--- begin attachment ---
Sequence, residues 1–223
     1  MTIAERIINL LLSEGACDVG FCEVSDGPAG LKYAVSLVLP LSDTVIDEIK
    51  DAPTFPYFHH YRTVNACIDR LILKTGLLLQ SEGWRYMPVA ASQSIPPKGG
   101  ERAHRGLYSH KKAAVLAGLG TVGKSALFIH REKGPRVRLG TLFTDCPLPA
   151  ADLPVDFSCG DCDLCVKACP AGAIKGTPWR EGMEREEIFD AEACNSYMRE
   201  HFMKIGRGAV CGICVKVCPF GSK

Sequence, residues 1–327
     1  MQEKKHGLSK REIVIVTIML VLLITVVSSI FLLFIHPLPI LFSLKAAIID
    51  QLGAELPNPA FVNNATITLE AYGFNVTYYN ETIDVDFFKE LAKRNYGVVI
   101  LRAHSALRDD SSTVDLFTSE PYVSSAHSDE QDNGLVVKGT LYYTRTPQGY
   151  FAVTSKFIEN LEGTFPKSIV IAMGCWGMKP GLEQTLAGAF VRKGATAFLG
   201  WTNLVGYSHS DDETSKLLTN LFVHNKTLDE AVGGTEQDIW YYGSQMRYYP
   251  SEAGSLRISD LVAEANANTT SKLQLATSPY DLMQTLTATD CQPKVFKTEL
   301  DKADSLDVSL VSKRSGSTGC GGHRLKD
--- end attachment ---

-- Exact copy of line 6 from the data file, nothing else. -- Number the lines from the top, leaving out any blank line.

   201  HFMKIGRGAV CGICVKVCPF GSK